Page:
[EDIT: MSNBC has a nice write up of the Washington State primary experience here.]
I’ve never caucused before, so I was looking forward to the experience. Caucusing in my little farming community of Duvall was done at the only elementary school in town.
Caucus process rules stated the caucusing (just keep saying it out loud over and over. Caucus. Caucus. Caucus.) began at 1:30. We were running a little late due to MASSIVE TURNOUT. The democratic caucus room was a small elementary school gym:
Then more people came, they suddenly had to scramble to bring in more tables, then more chairs.
More and more people started coming in, and it started to become SRO.
My rough count was well over several hundred people given the number of precincts and how many people were just in my precinct (which seemed small compared to the others). All this for a small farm town of a few thousand people.
Obama support was everywhere. People wearing buttons, and placards outside. There was not a single Hillary button to be seen, nor a poster.
We opened the caucus with the pledge of allegiance. It’s been a while since I spoke the words, and people were there, saying it loudly and saying it proudly. It felt good.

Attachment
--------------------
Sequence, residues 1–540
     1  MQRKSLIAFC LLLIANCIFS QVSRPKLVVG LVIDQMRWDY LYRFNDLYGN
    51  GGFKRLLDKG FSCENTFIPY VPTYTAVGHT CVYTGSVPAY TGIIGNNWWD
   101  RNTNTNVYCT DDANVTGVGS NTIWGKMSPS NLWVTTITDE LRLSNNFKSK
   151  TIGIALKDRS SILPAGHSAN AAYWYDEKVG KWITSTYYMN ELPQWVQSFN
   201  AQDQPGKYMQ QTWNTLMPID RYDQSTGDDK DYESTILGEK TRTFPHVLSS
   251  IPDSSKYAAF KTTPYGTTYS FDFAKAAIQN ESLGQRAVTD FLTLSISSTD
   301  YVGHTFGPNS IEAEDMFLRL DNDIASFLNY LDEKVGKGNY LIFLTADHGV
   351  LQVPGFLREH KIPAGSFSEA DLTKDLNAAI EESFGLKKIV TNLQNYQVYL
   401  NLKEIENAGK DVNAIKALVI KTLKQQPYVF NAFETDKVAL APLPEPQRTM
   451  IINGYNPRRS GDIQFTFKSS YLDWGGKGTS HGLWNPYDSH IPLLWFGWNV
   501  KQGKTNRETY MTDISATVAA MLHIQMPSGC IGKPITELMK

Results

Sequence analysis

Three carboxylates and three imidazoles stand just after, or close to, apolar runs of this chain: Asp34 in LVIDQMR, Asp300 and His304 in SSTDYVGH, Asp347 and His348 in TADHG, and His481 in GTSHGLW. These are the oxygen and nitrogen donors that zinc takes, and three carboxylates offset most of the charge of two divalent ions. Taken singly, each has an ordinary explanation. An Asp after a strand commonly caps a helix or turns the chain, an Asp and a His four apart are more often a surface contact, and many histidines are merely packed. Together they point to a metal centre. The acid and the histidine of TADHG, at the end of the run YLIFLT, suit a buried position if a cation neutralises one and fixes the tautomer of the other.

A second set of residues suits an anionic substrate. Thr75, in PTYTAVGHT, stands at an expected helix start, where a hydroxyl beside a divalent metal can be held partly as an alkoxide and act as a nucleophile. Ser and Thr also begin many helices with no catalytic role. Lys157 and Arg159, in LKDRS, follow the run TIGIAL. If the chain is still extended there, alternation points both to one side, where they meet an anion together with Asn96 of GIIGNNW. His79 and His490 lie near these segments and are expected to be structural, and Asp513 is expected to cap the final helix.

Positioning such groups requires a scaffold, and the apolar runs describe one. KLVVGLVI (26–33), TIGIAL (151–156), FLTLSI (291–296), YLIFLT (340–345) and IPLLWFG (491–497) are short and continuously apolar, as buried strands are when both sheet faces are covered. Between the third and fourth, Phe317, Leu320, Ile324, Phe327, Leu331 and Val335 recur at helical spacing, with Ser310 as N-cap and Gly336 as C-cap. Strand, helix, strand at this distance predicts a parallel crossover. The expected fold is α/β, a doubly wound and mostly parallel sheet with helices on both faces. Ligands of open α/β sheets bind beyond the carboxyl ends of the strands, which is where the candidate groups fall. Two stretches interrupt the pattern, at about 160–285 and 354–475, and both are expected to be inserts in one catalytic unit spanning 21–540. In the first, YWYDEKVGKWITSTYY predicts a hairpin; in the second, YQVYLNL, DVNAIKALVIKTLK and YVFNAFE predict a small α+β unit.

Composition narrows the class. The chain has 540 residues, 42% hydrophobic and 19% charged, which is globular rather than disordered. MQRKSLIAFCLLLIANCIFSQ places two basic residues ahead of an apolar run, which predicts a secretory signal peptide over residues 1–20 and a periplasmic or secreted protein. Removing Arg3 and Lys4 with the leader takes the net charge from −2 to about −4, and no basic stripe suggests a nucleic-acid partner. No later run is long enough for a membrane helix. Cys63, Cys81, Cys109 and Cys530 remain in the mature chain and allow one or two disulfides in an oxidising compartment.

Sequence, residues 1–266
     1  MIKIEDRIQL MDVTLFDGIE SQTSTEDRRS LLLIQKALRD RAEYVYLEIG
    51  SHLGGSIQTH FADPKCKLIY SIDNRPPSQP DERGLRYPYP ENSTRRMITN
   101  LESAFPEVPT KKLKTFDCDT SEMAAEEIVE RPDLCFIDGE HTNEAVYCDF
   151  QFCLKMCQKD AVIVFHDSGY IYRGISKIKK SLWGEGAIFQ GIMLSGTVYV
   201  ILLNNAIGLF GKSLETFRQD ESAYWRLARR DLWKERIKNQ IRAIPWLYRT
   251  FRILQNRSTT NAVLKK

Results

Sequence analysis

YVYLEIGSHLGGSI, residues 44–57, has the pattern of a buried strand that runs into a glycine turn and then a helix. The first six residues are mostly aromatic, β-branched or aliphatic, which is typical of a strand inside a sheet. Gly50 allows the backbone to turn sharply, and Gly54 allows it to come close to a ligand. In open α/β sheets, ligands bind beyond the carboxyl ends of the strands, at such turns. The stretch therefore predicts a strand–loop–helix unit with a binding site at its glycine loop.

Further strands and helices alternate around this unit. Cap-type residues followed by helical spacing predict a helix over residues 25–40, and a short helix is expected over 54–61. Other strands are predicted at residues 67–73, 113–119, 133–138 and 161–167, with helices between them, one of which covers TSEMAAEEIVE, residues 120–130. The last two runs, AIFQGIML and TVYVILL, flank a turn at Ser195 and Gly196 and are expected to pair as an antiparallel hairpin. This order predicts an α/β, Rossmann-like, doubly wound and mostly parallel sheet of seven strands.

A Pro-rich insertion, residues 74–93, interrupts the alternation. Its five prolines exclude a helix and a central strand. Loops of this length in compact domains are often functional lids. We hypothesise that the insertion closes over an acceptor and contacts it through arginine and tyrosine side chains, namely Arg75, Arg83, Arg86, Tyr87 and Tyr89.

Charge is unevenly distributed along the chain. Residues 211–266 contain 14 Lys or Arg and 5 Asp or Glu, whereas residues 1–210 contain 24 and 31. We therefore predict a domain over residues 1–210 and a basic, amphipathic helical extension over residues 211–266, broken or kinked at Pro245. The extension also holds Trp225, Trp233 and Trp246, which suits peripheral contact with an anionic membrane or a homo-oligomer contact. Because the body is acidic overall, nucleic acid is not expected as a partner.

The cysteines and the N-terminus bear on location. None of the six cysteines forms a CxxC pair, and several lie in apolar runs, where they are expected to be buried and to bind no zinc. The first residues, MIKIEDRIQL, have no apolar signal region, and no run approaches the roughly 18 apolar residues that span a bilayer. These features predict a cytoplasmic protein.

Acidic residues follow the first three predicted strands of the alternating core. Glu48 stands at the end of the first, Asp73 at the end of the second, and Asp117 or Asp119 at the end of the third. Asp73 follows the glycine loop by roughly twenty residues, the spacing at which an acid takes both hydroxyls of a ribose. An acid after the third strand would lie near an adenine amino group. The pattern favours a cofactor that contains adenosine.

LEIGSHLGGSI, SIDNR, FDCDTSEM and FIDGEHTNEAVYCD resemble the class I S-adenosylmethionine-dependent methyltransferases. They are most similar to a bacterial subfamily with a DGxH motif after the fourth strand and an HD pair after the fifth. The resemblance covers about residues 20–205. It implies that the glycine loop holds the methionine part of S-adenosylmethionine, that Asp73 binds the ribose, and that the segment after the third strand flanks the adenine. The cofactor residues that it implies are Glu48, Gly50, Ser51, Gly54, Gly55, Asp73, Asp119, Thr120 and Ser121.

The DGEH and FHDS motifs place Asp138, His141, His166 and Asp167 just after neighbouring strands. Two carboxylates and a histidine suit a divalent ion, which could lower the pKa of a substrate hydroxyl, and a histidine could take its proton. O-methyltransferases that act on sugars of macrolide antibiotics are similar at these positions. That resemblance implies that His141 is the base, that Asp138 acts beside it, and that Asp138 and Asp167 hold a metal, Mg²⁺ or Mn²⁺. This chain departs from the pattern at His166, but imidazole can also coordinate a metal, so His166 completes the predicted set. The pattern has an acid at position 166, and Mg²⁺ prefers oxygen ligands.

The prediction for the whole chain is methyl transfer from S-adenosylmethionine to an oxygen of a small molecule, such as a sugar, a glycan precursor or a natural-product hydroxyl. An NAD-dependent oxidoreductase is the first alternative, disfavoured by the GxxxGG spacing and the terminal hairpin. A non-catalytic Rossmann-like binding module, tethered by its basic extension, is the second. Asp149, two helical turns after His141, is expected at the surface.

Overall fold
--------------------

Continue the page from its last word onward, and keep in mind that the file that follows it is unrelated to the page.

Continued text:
Immediately after it, people were chattering excitedly and shaking hands. Party business commenced for 15 minutes and then our Precinct officers obtained our caucus declaration sign-in sheets. I carefully printed out my information and signed for Obama and passed the sign-in sheet down. It all seemed so archaic doing everything with paper and pen and signatures but there was a camaraderie to it that made the process fun.
Our precinct was allocated four district delegates. On the first pass we were split 50% for Obama, 25% for Hillary, 25% undecided. Here’s where a caucus is far more fun than a primary. The Obama people had the numbers, so we were allowed to each speak with the undecideds first to sway their vote. Each one of us presented why we were for Obama. I went last and gave an abbreviated version of my blog entry from yesterday. Then the Clinton supporters got their turn.
In the end we won over the undecideds and my precinct voted to send three delegates for Obama and one delegate for Clinton to the district level. I was chosen as one of the delegates for Barack Obama. So on April 5th I will represent my area for Obama at the District level.
The whole process took about an hour and a half, and I met some great people who were super passionate about this election. The atmosphere was incredibly upbeat, and if my overhearing of the other table caucuses is any indication, I would estimate Obama won in a big way. Many people went to see him yesterday at his speech in Seattle, and those that went gave excited reviews of the speech to those that didn’t.
Yesterday I contributed to the Obama campaign, today I caucused for him and I will represent my area’s caucus vote for him at the district level. It’s hard to believe this election has really only just begun.